Imagine if you look you'll see this is not the case. For instance, the
lower shelf of Toller's sofa table, made with a single board of butternut,
if tightly held between the legs has a 50/50 chance of popping or loosening
the joinery as it expands beyond its ability to compress what holds it and
itself. Simple remedy is good woodworking, either pinning center on the
cross-grained rail and floating both ends with a sixteenth gap by making
oversize holes for the pocket screws, or realizing that there will be a
front - where the drawers open - and a rear, pinning flush to the leg at the
front, floating the center and rear, allowing the full eighth expansion
where it's not noticeable.
Using your example of frame and panel construction, which, I assume, you
know is designed to maintain virtually constant exterior dimension through
changes in MC, you always want to finish the panels prior to framing them,
because they can shrink and reveal bare wood at their edges. If made too
large when dry, they can find the weakest glue joint in the frame and
destroy it, or finding themselves the weaker, compression set their fiber
and develop a rattle. A competent woodworker anticipates and compensates
for all these.
I'm sure you've seen your share of tables with split tops (and chairs with
split seats) which were restrained without regard for wood movement, as well
as those with ears from having well-varnished tops and virtually finish-free
bottoms. Then there are the open corners on mitered wood ... the list is
endless. It's never been my objective in woodworking to emulate the shoddy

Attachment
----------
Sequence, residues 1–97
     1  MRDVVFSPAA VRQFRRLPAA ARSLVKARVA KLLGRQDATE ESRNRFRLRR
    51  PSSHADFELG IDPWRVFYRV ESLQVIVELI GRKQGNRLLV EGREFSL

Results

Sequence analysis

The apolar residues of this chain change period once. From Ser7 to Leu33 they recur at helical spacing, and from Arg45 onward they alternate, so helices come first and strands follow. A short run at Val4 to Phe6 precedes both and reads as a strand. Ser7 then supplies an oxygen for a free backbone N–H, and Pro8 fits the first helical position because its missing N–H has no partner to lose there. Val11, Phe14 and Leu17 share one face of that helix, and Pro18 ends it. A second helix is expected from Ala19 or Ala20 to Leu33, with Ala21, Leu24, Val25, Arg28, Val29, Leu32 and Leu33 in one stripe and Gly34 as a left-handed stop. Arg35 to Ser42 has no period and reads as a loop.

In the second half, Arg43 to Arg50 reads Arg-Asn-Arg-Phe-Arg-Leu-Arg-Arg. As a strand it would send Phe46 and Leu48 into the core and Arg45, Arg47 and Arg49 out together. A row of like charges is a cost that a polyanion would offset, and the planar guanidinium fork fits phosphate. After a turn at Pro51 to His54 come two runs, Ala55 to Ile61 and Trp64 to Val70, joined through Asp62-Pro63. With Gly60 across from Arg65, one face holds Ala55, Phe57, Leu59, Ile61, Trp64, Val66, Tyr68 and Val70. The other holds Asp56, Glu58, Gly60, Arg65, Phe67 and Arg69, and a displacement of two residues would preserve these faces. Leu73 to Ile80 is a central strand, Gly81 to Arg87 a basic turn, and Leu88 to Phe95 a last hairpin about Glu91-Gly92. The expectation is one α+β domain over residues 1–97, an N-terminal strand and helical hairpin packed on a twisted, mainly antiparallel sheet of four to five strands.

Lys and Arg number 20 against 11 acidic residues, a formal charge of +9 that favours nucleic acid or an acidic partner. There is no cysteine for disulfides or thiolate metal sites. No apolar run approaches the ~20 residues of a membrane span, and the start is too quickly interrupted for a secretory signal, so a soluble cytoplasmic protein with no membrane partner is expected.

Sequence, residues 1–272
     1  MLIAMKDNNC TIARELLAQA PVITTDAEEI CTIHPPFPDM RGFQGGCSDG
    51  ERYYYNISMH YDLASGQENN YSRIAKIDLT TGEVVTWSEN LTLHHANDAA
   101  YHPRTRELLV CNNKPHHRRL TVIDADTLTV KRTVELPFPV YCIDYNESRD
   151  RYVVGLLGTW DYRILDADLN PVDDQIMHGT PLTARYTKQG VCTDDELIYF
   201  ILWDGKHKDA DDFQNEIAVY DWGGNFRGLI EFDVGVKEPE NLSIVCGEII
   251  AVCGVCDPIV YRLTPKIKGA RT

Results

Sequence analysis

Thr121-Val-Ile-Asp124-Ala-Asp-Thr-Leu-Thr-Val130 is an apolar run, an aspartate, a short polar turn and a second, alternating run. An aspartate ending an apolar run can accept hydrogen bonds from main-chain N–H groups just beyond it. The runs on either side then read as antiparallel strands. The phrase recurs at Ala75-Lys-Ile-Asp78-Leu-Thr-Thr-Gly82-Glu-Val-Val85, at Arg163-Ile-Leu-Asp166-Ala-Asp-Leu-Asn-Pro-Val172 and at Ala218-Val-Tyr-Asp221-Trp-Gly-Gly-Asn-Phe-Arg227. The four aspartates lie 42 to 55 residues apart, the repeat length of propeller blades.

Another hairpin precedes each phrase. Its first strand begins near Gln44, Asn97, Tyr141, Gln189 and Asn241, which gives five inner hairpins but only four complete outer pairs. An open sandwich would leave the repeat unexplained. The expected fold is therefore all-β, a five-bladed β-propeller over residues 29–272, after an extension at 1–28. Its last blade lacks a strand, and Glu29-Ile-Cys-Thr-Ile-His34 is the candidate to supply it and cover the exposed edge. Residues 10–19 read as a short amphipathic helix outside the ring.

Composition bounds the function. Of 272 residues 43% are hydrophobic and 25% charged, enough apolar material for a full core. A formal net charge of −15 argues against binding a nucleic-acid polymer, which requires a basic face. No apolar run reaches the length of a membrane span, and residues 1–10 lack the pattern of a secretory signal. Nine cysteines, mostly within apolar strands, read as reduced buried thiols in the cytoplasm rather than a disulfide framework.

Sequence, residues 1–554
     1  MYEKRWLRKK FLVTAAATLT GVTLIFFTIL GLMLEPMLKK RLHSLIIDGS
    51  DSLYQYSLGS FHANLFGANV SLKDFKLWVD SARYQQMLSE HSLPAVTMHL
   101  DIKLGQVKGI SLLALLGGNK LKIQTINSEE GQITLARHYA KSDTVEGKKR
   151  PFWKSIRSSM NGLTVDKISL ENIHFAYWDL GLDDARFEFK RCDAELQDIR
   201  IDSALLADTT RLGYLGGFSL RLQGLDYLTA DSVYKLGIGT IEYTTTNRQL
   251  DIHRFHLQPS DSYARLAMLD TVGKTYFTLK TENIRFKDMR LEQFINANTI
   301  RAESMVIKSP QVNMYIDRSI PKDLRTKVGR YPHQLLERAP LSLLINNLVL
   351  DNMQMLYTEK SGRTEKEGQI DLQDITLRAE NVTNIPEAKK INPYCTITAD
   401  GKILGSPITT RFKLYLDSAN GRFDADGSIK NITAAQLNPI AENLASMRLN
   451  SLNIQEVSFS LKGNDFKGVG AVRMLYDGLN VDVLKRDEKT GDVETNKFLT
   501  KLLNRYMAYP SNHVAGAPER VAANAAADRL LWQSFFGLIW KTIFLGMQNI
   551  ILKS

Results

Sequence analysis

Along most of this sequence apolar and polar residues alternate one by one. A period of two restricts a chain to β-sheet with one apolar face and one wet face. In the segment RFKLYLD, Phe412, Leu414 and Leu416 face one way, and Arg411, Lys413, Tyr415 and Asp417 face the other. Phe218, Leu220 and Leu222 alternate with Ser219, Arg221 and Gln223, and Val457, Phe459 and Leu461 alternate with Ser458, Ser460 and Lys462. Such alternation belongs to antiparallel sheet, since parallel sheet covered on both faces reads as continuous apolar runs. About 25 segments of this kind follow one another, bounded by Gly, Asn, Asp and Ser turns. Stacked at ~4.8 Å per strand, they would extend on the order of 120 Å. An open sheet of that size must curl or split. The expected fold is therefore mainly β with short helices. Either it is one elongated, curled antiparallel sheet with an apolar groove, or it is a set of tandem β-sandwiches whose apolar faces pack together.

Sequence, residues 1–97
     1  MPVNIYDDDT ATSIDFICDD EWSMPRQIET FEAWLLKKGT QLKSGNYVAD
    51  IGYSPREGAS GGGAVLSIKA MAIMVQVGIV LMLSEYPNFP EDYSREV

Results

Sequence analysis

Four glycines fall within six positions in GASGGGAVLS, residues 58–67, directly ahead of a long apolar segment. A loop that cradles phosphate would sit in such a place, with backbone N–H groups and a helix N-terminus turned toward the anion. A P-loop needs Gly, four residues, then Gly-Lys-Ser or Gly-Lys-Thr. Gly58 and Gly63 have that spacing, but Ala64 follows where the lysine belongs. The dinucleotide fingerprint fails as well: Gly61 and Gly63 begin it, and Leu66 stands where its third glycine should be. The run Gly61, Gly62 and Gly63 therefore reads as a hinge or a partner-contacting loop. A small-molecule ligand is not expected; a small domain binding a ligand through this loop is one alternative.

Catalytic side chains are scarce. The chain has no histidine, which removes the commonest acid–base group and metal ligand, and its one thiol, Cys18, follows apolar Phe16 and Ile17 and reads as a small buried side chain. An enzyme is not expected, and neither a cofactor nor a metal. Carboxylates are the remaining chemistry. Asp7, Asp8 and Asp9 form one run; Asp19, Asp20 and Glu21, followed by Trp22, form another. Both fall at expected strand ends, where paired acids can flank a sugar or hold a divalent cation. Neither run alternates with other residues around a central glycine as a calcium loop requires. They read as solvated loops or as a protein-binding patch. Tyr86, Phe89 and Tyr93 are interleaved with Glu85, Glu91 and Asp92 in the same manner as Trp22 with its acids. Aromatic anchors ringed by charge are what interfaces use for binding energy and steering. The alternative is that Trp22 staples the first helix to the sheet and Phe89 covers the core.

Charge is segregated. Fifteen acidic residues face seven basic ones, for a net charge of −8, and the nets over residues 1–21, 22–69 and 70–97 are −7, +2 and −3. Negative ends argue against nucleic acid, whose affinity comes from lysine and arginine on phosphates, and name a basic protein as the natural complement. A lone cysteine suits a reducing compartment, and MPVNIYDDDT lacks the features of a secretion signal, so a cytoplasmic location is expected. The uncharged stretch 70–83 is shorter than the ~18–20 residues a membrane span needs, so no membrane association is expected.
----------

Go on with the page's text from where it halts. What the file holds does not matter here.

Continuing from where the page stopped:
manufacturing processes of commercial work. Therefore I use techniques
designed to accommodate future movement.
This is where I see his construction differently, as viewed on the web site.
He has a support between the front and rear legs upon which the shelf sits.
I would agree that if it were simply a piece of butternut, he'd have
problems without a doubt. What he has though, with the support screwed in
place, is very much like the standard construction of any dresser or other
piece of furniture. Secured to the support, the butternut is not going to
move as it would if it were simply sitting exposed to the changes in
climate. Such is the nature of furniture construction. All furniture is
constructed with cross grain construction and it is constructed in a rigid
manner. Yet - it does not expand and contract so as to create a wobbly
piece after a few cycles.
I fully agree that this would work, but I have to keep going back to ask the
same question - and I'm not trying to be difficult with you George. I'd be
reluctant to float the board as I'd fear cupping or bowing. Those two
possiblities are something I'd consider to be more likely. Look at a
dresser. It has to contend with cross grain expansion as much as any other
piece of furniture does but the top is not floated. It is secured to the
frame rails. Since however, he's fitting a piece of wood in between the
legs, I could see where a very slight shave might be OK, to allow for some
movement, but even that I'm not sure is necessary, since the shelf will be
united with the support and the support being long grain, will limit the
movement of the shelf.
Precisely the point that I made. The panel, while floating is only doing so
in that it's not glued in. It's not loose though, when it's fabricated. In
other words it won't rattle about. Yet - it does not push the joints apart
as it absorbs moisture. It is constrained by the rest of the wood around
As well, I think it could be said of everyone here that they pursue proper
woodworking techniques. Yes, I've seen bad fabrication, but I've also seen
excellent fabrication. I tend to base my observations, my practices and my
thoughts on those examples of excellent fabrication. Basically, a wordy way
of saying "ditto".
Sorry to say it, but your design, as shown in the photo is probably not the
best for longevity. :(
Then again, it may last forever.